Why Gove Shouldn’t Kill the Mockingbird

Seems to me this is something we should all think about, and this blog says what I feel so succinctly that it seems the best thing for me to do is re-blog it on my pages. Hope you find it as worthy a cause to shout about as I do.

Interesting Literature

Regular readers of this blog may know that we at Interesting Literature are rather fond of the following story about the genesis of To Kill a Mockingbird. The story goes that Harper Lee’s friends gave her a year’s wages for Christmas, on condition that she give up work and write. By any standard of measurement, she used the time off work wisely: she wrote To Kill a Mockingbird. It was published in 1960 and remains her only novel. Harper Lee – or Nelle Harper Lee, to give her her full name – is now 88 years old, but her one novel has done enough by itself to secure her reputation. It has sold over 30 million copies.

This morning, it was reported that Michael Gove, the UK Education Secretary, has removed To Kill a Mockingbird and John Steinbeck’s Of Mice and Men from the school GCSE syllabus. Gove…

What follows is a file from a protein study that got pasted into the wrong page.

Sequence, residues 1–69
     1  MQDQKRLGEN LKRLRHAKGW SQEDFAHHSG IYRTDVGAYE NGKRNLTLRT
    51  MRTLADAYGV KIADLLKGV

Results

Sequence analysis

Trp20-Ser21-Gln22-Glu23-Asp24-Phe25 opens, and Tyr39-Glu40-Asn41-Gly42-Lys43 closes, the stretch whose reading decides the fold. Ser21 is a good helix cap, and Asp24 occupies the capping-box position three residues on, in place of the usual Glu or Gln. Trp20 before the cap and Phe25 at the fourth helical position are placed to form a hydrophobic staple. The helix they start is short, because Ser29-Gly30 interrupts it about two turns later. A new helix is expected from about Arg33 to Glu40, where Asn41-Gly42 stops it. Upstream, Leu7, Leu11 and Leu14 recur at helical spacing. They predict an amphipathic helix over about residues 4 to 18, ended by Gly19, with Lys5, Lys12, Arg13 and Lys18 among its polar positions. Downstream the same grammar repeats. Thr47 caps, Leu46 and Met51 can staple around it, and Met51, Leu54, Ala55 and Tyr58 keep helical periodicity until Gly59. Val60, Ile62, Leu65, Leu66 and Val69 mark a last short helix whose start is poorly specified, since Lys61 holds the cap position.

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2 thoughts on “Why Gove Shouldn’t Kill the Mockingbird

  1. If the books ‘Of Mice and Men’ and ‘To Kill a Mocking Bird’ are so important to teachers and readers alike – why can’t our GCSE pupils read the books themselves without having to be tested on them? I feel this rumpus is a fuss about nothing; it’s a political statement and very little to do with learning, understanding and education.

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  2. I suppose if we believed that everyone would go out and read interesting and challenging books we wouldn’t have to worry about what was on the syllabus of schools. But I know from thinking about my own reading routes that without the guidance of some good teachers and tutors, on not just what good books are available, but also some other ways of looking at what they said, I might have stayed only with pulp fiction. Entertaining as those are, I’m glad that schooling taught me the skills I needed to try out all sorts of reading experiences.

    What worries me is the political aspect of this. I’d rather a collection of academic opinions created the literature syllabus. I’m sure they have a better idea of what can be aspired to.

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